Progressive annular dilatation caused by annuloaortic ectasia may affect the stability of the repair. Annular stabilization can be achieved by performing annuloplasty during the aortic valve repair operation. The annuloplasty techniques are currently under clinical investigation and it has already been confirmed that suture based SCA may fail due to late redilatation of the aortic root. Root stabilization with reimplantation provided better stability than SCA alone [29,30]. Other authors have also shown promising results of the internal or external band and ring [31,32]. Hence, our concept to analyse the CMR results of different annular stabilization strategies in BAV.

Our study suggests that external stabilization of the ventriculo-aortic junction provided better hemodynamic features, such as transvalvular gradients. Lower transvalvular aortic velocities and gradients after EA, compared to SCA, were associated with significantly larger AVA as measured using CMR. In our opinion, increased transaortic gradients and smaller AVA found in the SCA group may contribute to the future progression of aortic valve degeneration [33]. Using CMR with four-dimensional flow visualization, it has already been demonstrated that altered transvalvular flow patterns could normalize directly after BAV repair [34]. We believe that the choice of a durable annular stabilization technique is crucial to maintain normal transvalvular flow patterns.

Interestingly, the postoperative transvalvular peak gradient significantly negatively correlated with AVA and aortic root diameter, but not with aortic annulus diameter. Similarly, we found also a significant correlation between the postoperative severity of AR (expressed by a regurgitant fraction and regurgitant volume) with AVA and aortic root diameter, but not with annulus diameter. This suggests that a reduction in anatomical AVA derived from CMR may be a better marker of successful annuloplasty during BAV repair as compared with standard aortic annulus measurements.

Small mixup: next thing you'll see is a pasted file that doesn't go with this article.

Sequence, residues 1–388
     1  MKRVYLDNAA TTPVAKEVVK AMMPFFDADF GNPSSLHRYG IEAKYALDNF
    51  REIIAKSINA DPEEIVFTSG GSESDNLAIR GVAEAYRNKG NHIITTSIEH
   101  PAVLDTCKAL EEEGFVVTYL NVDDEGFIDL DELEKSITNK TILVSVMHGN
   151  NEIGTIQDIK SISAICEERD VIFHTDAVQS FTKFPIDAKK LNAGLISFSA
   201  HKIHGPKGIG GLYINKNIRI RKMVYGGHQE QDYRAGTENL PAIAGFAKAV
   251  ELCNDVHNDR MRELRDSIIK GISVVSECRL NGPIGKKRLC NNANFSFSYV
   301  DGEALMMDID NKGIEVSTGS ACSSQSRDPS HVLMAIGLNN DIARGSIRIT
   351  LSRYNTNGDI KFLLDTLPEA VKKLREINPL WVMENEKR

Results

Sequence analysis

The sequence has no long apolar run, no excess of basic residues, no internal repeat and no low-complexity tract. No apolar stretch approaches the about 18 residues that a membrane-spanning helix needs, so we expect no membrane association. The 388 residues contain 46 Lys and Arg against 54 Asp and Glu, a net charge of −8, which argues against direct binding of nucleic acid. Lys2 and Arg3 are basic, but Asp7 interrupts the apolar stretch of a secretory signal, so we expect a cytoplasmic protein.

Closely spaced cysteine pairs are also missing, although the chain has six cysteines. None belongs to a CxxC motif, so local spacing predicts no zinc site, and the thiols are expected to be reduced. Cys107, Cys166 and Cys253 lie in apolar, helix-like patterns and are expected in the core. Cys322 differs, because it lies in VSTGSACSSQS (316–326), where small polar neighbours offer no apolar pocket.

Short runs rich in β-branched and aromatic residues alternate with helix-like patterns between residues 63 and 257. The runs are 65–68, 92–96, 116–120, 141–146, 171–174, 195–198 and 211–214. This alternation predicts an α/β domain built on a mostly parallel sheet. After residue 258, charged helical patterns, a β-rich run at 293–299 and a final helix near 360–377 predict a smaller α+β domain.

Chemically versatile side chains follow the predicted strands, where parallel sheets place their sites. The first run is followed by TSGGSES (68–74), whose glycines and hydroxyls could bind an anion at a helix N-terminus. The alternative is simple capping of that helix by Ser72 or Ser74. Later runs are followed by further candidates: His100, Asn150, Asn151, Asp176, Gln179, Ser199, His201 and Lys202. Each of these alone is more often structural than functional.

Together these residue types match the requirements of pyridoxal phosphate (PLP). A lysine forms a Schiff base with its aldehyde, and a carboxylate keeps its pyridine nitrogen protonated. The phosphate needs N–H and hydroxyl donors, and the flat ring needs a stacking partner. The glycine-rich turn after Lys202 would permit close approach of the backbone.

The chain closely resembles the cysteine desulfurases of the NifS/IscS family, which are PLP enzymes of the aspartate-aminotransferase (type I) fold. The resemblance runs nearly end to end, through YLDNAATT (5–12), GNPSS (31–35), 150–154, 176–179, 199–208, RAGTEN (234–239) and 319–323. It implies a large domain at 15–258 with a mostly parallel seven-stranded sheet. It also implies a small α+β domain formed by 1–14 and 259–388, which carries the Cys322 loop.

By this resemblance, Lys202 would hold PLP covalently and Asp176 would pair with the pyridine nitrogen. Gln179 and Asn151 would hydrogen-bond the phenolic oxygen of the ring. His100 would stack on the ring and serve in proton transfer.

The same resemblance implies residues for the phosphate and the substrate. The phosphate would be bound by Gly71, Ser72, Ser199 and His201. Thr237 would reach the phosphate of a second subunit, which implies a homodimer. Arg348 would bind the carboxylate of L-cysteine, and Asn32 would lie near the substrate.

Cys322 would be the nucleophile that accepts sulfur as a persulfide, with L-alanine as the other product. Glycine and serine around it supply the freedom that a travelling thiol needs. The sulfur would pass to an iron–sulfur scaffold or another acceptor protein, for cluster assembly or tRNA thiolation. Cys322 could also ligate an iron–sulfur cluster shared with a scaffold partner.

Of note, anatomical AVA smaller than 3.5 cm2 correlated with no AR recurrency (Fig. 2). Similarly, aortic root diameter below 40 mm was a predictor of durable repair with no postoperative regurgitation. This supports the policy to routinely replace the aortic root during aortic valve repair when its diameter is above 40 mm. However, aortic measurements indexed to body surface area (BSA) should always be kept in mind as they are currently recommended as an additional parameter [35].

Our study also showed significant reverse remodeling after BAV repair. Normalization of LV ejection fraction and LV end-diastolic volume was achieved in the majority of the patient. However, no significant differences were observed between the two annular stabilization strategies. LV reverse remodeling is associated mainly with successful BAV repair considered as a lack of significant postoperative AR. The selection of the optimal time-point of operation is also crucial. In patients with moderate or severe AR, the CMR derived aortic regurgitant fraction > 33% and left ventricular end-diastolic volume > 246 ml were combined strongly associated with the development of symptoms or indications for surgery (with 85% sensitivity and 92% specificity) [36].

Currently, echocardiography remains the most established imaging modality for the assessment and follow-up of patients with valve diseases. However, over the last few years, the role of CMR in patients with valve diseases has been gradually increasing [8]. CMR is considered the current gold-standard method for the precise quantification of left and right ventricular volumes and systolic function. In comparison with echocardiography, a particular strength of CMR is the ability to assess the aortic regurgitant volume and regurgitant fraction in a fully quantitative manner with significantly higher reproducibility. This allows for adequate monitoring of disease progression over time. CMR may also be useful in assessing postoperative recurrence of AR. CMR assessment after bicuspid valve repair can be of great benefit due to the multifactorial and complex repair on one hand and the specificity and reproducibility of the CMR methodology compared to TTE on the other [37]. The 4D flow CMR may additionally add complex flow analysis and shear stress measurement leading to even more authentic and personalized assessment after aortic valve repair and valve-sparing aorta replacement [34,38].